The Congressional Black Caucus is rushing to defend Hillary Clinton, following what many black lawmakers said was an expected loss in New Hampshire but one that should not hurt her in the next round of voting.
On Thursday morning, the CBC’s leaders said they will appear at a club adjacent to the Democratic National Committee to formally endorse Clinton for president, through the CBC political action committee. The group will then disperse its African-American lawmakers to states where black voters are crucial, particularly in South Carolina’s Democratic primary on Feb. 27.
“It’s one thing to endorse and do nothing. It’s another thing to endorse and to go to work,” said Rep. Gregory Meeks (D-N.Y.), chairman of the CBC PAC. These lawmakers are, Meeks said, “people that can actually testify [to] the work that Hillary Clinton has done.”
Meeks said that 90 percent of the 20-member board of the CBC’s PAC voted to endorse Clinton, while none of the board members voted for Sen. Bernie Sanders and a few members abstained because they had not yet endorsed in the race.
On the neutral list was Rep. James E. Clyburn (S.C.), the No. 3 House Democratic leader and the most prominent South Carolina Democrat, who has since then said he is considering backing a candidate and that candidate, he suggested, is likely to be Clinton.
“That was certainly my intention,” he said in an interview with The Washington Post of his initial plan to remain neutral. “But I am re-evaluating that. I really am having serious conversations with my family members.”
In an interview with MSNBC’s “Andrea Mitchell Reports,” the Democratic leader reiterated his comments that he is considering endorsing Clinton.
Clyburn said that he would not make an endorsement this week, but Meeks spent considerable time speaking with the South Carolina Democrat throughout Wednesday both privately and on the House floor.
Clyburn didn’t choose sides in the 2008 Democratic primary battle between Clinton and Barack Obama, and ended up arbitrating a nasty feud over allegedly racially-tinged comments by Bill Clinton after Obama’s victory in the Palmetto State. And his backing could be crucial with African-American voters, who form a large portion of the primary electorate there.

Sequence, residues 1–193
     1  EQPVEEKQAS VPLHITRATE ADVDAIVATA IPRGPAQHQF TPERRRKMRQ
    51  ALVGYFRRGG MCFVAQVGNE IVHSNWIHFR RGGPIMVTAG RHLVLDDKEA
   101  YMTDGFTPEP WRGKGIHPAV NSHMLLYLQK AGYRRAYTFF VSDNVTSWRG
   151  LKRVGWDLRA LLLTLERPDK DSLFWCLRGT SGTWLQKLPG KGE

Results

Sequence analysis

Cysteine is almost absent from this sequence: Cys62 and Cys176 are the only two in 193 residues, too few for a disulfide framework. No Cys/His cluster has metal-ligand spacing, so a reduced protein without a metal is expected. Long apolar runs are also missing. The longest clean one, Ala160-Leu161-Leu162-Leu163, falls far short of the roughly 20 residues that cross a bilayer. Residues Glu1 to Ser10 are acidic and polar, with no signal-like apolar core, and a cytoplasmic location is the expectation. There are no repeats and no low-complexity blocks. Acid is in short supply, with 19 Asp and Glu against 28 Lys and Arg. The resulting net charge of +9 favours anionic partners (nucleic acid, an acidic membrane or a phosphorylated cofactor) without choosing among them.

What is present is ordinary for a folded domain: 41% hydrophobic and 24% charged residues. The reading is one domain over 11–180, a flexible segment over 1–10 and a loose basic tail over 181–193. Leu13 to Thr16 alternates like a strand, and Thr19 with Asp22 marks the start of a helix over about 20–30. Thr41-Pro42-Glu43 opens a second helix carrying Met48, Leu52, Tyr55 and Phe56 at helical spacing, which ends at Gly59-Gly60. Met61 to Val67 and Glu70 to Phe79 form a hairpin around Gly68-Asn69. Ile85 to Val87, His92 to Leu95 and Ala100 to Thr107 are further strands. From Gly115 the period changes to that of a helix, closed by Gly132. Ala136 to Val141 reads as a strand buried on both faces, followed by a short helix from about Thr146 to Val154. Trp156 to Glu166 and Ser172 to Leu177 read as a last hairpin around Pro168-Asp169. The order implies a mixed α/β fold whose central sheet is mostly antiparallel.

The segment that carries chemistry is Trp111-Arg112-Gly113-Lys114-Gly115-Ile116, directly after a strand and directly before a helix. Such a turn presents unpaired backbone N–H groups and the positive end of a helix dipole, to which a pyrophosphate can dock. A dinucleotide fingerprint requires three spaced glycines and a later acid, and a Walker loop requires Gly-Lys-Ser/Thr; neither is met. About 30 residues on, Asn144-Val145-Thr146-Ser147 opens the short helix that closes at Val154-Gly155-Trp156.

Meeks made clear that if Clyburn objected to the caucus’s endorsement of Clinton, he had the power to prevent it from happening. “He is an important part of the Congressional Black Caucus and an important part of what we do at the PAC, and we are endorsing tomorrow,” Meeks said, laughing as he thought about the prospect of Clyburn objecting to the endorsement. “We wouldn’t be going forward tomorrow.”
Sanders’s rise, particularly among young voters — even young African-American voters — has struck a nerve with veteran black caucus members who think the new generation is behaving naively.
“Many of these are first-time voters and Senator Sanders’ message resonates with the younger generation because of the promises that he is making,” said Rep. G.K. Butterfield (D-N.C.), chairman of the CBC. “But Mrs. Clinton and others are going to challenge the message by suggesting that it is unrealistic to believe that we can accomplish all of the things that Senator Sanders proposes.”
“They need to understand that when a candidate presents a message, you’ve got to pierce the message to determine whether or not it’s realistic, given the political climate that we live in,” Butterfield said. “It’s not a negative, it’s not an aspersion on the new voter. It’s the fact that many of them are inexperienced and have not gone through a presidential election cycle before.”